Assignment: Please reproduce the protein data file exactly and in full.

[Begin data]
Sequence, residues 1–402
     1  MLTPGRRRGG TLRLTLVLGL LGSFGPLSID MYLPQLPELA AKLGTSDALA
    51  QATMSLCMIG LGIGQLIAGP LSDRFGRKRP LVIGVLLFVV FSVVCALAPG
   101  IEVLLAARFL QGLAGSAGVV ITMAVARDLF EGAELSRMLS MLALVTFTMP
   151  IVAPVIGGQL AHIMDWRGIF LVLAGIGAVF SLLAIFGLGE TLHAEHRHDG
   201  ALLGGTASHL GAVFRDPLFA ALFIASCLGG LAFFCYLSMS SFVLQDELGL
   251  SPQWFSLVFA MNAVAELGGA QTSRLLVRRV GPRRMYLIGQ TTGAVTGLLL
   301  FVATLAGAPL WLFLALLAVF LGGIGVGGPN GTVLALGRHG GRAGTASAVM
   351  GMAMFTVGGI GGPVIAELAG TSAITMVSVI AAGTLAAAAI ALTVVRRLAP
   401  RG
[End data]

Sequence, residues 1–402
     1  MLTPGRRRGG TLRLTLVLGL LGSFGPLSID MYLPQLPELA AKLGTSDALA
    51  QATMSLCMIG LGIGQLIAGP LSDRFGRKRP LVIGVLLFVV FSVVCALAPG
   101  IEVLLAARFL QGLAGSAGVV ITMAVARDLF EGAELSRMLS MLALVTFTMP
   151  IVAPVIGGQL AHIMDWRGIF LVLAGIGAVF SLLAIFGLGE TLHAEHRHDG
   201  ALLGGTASHL GAVFRDPLFA ALFIASCLGG LAFFCYLSMS SFVLQDELGL
   251  SPQWFSLVFA MNAVAELGGA QTSRLLVRRV GPRRMYLIGQ TTGAVTGLLL
   301  FVATLAGAPL WLFLALLAVF LGGIGVGGPN GTVLALGRHG GRAGTASAVM
   351  GMAMFTVGGI GGPVIAELAG TSAITMVSVI AAGTLAAAAI ALTVVRRLAP
   401  RG